The Daily Beast has learned far more about Tice’s businesses problems with Byrd Billings. As I’ve previously reported, Byrd "Bud" Billings was aware of the missing vehicles from Tice’s Hispanic-American Auto Sales lot and believed that Tice may have sold them in Mexico. It was Billings who helped Deborah Tice, who was locked in a bitter divorce battle with Cab, file a lawsuit in 2008 against her estranged husband. In the suit, she claimed that Tice had committed acts which were illegal and fraudulent to his creditors (i.e. Billings). Deborah Tice later dropped the suit and settled on the divorce.
The Daily Beast has since learned that as many as 24 cars were missing from Hispanic-American Auto Sales, with an estimated value of $150,000. Sources close to investigation also believe that Tice may have absconded with an additional 30 vehicles from another lot financed by Worldco, which would add $200,000 to what Tice owed Billings. Tice is also being investigated by police in Foley, Alabama, regarding moving 23 vehicles worth $61,000 from used-car lots to buyers in Mexico.
The used-car business in Pensacola is a closed society. As one sales manager told me, “what you think is stealing, we call it doing business.”
Although the authorities haven’t released all the details of the charge against Tice, The Daily Beast has learned from people close to the case that Tice allegedly sold more than 20 cars that had been financed by Worldco Financial Services, a company owned by the Billings, without informing Worldco of the sales or paying off the liens.
Tice is now free on $5,000 bond, and has apparently defended himself against allegations he might have paid for the murders in an interview scheduled to run tonight on Dateline NBC. "That anybody would say that I had anything to do with the murder of Bud or Melanie is a liar," Tice says, choking back tears, in a promotion for the interview that ran locally. "The world lost somebody wonderful in Melanie and Bud Billings did not deserve to be killed in his household."
Byrd and Melanie Billings were shot to death by masked intruders inside their secluded home in rural Beulah, Florida, on July 9. Nine of their children were in the house at the time of the murders, and three saw the men in the home and may be witnesses to the shootings.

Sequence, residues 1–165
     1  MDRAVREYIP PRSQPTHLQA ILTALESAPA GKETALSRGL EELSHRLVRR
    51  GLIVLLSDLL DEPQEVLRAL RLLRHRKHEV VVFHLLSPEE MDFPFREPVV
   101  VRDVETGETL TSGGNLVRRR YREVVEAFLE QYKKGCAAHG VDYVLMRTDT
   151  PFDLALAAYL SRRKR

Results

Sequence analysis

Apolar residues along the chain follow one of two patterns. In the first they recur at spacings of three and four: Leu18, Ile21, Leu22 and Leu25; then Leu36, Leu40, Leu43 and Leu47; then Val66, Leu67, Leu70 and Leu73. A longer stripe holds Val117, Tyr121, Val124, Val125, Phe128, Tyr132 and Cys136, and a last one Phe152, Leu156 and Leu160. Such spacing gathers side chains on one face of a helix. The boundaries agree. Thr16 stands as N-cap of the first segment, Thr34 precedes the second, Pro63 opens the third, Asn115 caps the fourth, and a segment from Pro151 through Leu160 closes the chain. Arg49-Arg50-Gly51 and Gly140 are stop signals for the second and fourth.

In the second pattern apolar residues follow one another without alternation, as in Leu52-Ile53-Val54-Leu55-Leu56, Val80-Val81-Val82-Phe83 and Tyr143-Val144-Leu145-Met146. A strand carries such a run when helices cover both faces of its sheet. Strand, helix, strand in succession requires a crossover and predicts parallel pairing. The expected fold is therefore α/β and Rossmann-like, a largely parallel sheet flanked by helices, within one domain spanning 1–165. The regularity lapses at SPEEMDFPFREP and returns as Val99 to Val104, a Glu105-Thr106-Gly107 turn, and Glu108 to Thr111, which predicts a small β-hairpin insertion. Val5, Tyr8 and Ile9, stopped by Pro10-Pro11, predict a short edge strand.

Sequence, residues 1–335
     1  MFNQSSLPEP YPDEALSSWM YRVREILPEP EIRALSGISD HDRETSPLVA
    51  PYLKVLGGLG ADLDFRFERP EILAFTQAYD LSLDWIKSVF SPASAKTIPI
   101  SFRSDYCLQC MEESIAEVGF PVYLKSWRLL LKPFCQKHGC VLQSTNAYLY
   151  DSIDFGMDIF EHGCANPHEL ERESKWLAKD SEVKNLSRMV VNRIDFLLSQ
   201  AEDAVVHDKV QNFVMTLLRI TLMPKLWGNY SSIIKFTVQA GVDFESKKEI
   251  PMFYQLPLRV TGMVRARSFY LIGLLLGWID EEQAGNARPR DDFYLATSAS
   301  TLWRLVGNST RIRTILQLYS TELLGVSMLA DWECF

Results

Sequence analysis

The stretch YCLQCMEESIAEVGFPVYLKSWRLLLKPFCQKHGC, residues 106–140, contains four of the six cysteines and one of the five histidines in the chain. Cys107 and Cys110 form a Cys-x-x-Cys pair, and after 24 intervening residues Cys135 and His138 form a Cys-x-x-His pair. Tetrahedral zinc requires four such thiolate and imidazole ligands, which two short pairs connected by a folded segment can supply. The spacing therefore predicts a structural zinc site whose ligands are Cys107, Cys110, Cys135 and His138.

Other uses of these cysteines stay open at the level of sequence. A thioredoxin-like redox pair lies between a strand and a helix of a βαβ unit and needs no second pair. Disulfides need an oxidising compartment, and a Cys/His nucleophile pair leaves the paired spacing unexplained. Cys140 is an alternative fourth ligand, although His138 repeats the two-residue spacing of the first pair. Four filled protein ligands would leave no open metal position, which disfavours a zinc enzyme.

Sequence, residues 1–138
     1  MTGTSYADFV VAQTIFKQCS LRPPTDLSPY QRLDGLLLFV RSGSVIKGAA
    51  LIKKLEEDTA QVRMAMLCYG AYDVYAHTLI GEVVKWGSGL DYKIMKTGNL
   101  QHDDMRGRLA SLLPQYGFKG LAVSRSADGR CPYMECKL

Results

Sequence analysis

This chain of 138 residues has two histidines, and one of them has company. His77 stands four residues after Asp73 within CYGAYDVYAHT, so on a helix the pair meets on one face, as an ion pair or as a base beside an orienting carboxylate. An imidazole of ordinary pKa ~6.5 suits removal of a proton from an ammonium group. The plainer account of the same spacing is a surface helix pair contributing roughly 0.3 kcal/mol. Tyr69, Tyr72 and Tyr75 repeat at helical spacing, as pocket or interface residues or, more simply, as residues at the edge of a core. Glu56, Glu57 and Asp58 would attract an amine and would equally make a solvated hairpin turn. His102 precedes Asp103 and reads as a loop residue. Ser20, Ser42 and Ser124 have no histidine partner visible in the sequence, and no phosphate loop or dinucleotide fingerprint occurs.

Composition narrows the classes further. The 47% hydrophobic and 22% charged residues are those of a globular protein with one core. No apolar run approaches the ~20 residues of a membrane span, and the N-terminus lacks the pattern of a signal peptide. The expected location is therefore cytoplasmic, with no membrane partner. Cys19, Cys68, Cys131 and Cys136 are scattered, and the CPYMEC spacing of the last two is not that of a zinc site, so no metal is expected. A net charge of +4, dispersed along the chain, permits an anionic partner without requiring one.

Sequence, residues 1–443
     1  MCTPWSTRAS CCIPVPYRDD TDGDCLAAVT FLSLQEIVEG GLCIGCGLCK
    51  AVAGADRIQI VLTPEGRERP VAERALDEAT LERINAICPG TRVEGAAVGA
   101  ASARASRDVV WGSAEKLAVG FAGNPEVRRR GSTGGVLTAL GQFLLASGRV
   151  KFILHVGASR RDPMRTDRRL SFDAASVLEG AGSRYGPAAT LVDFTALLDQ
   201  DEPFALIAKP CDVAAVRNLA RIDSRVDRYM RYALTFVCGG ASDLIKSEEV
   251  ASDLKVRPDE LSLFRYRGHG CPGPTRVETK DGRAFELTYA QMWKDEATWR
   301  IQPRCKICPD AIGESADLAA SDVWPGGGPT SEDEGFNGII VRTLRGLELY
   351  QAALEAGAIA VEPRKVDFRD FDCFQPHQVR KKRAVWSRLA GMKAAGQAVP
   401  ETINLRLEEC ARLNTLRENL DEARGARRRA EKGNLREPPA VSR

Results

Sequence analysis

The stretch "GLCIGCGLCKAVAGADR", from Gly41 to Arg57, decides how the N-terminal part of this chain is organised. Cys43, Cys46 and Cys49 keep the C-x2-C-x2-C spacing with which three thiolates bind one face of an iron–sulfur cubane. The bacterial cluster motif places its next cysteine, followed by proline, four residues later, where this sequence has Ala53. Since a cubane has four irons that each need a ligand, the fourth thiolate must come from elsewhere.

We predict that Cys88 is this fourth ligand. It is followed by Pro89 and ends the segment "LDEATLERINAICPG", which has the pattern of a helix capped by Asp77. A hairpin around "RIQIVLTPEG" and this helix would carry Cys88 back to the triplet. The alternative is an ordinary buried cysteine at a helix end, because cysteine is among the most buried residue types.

All seven home intruders are charged with the two murders and a grand jury is set to convene next week. An eighth suspect, Pamela Wiggins, has been charged with being an accessory after the fact and is out on $10,000 bond. Sheriff Morgan has repeatedly told the media that he expects more arrests.
Patrick Gonzalez, Jr. has been identified as the leader of the gang and has been named by at least one suspect as the lone shooter of the Billings couple. Gonzalez, who is in jail without bond along with other six intruders, once worked for Tice, but a close friend of both Tice and Byrd “Bud” Billings tells The Daily Beast their relationship was much more than that. “Cab was a father figure for Patrick,” the friend says. “If any one had any influence over him, it was Cab.”
Just before his arrest, Tice had left the area, as first reported by The Daily Beast. I have confirmed that he traveled to Colombia. In Florida, he lives in a trailer behind English Bobby Auto Sales, where he was a sales manager. Though investigators believe he owed Billings and the Mexican Mafia hundreds of thousands of dollars, he has no visible assets.
Rick Outzen is publisher and editor of Independent News, the alternative newsweekly for Northwest Florida.